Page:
About us

The Roanoke Rambler delivers vibrant local journalism that is unbiased, factual, and unfiltered.

We expose government wrongdoings, uncover societal ills, and hold the powerful accountable. We publish essays and fiction that provoke and inspire.

Every Wednesday, the Roanoke Rambler delivers hyper-local news that goes beyond the narrative. We are fearless in our pursuit of truth and are free from influence and agendas. We are neither left nor right. We are centered in facts, data, and accountability.

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Who is The Rambler?

The Roanoke Rambler was established in 2021 by Henri Gendreau, a former reporter at The Roanoke Times newspaper. Working with a team of skilled journalists, Gendreau is building an unbiased news source that is hyper-focused on the City of Roanoke and the surrounding Roanoke Valley.

We have received invaluable support from investigative reporter Mary Bishop, a Roanoke Times journalist from 1983-2002. Our journalists have included Mason Adams, Ralph Berrier Jr., Lindsey Hull, Layla Khoury-Hanold, Alex McCarthy and Tim Thornton, among others. We are indebted to Greg Dickens of Epilocal for his work with web development. As we grow, we will have more people to name and thank.

Why The Rambler?

Our name is a nod to Samuel Johnson’s publication called The Rambler published in the 1750s. Johnson was a moralist who was keenly aware that his duty was to make the world better.

The Roanoke Rambler has a moral force behind it. We believe that it is our duty to hold powerful interests accountable by exposing abuses of power and wrongdoing, with the intent of bringing about positive changes in our community. Our blend of hard-hitting news, short news items, literature, poetry, and event listings, we hope the content in your email inbox every Wednesday encourages your mind to wonder and wander.

What kind of stories do you cover?

While our areas of coverage will ramble and not be restricted, we are initially focused on bringing you news and stories about local government and politics; the environment and climate crisis; and racial and social justice issues. We believe observant coverage of local government and politics is essential to an informed citizenry. Additionally, we believe our treatment of the planet and the effects of past and present racial discrimination are among the key issues of our time. In keeping with our mission to enliven your mind, we also publish occasional fiction, essays and poetry.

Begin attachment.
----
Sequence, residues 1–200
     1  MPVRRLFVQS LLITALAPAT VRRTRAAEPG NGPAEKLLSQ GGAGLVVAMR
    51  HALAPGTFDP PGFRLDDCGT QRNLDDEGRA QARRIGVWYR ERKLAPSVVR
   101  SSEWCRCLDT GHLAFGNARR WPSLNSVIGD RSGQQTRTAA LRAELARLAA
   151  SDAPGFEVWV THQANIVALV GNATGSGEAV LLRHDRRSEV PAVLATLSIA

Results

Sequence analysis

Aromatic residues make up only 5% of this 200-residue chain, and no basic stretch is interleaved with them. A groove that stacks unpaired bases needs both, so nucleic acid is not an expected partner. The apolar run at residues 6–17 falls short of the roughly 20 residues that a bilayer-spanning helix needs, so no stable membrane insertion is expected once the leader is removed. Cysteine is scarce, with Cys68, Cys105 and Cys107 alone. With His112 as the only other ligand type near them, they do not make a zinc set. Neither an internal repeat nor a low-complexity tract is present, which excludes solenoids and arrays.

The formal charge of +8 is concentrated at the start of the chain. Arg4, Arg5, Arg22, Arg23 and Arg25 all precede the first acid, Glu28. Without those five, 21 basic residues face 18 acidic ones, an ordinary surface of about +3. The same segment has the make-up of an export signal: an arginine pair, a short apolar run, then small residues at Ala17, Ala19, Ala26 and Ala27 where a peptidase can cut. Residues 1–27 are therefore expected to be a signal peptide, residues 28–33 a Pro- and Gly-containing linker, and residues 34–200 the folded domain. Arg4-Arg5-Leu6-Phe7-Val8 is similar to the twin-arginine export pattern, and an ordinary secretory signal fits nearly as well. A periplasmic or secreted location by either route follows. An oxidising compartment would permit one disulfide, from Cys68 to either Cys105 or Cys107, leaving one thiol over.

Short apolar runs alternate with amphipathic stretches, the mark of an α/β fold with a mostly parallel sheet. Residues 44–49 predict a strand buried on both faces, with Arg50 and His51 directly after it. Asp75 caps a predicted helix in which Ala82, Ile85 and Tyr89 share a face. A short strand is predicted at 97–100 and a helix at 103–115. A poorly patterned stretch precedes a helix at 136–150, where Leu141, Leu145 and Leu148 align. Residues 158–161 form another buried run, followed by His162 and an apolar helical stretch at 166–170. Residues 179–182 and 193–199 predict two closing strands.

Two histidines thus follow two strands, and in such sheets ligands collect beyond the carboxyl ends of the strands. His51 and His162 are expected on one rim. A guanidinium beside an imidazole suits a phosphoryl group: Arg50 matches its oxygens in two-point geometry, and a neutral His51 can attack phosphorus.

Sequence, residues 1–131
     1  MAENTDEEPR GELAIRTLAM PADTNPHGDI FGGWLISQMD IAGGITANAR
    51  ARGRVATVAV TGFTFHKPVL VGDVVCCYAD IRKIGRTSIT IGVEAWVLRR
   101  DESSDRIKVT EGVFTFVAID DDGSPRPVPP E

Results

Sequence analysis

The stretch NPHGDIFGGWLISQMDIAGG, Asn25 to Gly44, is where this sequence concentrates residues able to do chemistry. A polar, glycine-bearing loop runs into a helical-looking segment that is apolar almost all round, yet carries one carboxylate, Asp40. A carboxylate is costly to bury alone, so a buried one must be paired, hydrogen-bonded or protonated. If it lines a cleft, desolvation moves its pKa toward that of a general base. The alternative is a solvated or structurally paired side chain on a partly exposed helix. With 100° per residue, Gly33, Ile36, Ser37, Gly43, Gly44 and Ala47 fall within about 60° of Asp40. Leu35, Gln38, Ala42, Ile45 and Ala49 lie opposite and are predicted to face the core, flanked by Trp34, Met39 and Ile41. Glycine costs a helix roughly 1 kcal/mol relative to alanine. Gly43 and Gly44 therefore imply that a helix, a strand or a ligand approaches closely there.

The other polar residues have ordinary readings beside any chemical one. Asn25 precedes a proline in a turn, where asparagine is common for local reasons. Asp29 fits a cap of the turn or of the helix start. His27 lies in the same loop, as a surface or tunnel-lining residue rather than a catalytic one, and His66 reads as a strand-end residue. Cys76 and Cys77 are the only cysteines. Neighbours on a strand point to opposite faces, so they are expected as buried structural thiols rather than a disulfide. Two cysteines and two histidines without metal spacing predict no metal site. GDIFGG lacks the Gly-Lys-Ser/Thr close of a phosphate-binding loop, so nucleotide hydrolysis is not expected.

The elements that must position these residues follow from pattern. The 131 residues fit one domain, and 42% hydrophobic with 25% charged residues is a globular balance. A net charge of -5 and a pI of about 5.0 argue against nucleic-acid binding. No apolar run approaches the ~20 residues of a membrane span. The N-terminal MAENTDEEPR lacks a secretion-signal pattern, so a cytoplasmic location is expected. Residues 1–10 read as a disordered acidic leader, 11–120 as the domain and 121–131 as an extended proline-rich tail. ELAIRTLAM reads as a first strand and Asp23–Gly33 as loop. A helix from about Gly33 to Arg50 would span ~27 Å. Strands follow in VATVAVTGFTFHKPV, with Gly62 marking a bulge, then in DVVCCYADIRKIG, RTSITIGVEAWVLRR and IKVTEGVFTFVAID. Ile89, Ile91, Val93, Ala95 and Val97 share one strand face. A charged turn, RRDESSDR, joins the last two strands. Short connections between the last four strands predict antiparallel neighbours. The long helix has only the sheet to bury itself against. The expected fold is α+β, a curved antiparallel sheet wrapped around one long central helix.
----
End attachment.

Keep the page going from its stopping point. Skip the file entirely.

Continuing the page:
Are you a liberal rag? A mouthpiece for the right-wing?

Nope. Just a good old-fashioned journalism outlet. Unfortunately, discourse and perceptions around the news media have grown increasingly polarized of late. You can check out our Newsroom Policies page to learn more about our values. As journalists have done for a century, we pursue the truth without fear or favor, and hold powerful actors accountable for their actions. We don't pretend there's not an aspect of political philosophy involved in those values, but we're not beholden to any political party or ideology.

When does The Rambler appear?

Every Wednesday morning, straight to your inbox.

How are you funded?

Mostly, by people like you! The bulk of our revenue is derived from readers who see the value in local journalism. You can become a member today here, or learn more about making a founding gift here.

We also accept advertisements and sponsorships from quality local businesses. You can find more information about those opportunities at this page. We may also rely on grants to support our journalism and literature, and will be transparent about the source of such grants.

It costs us thousands of dollars each month to produce original, local journalism. We have a single employee who makes $31,200 per year. That's why we rely on support from members, for as little as $8.33 per month. From our launch in September 2021 through March 2023, all of our journalism required a subscription. Now, you can subscribe to our weekly newsletter for free.

Why isn't The Rambler a nonprofit?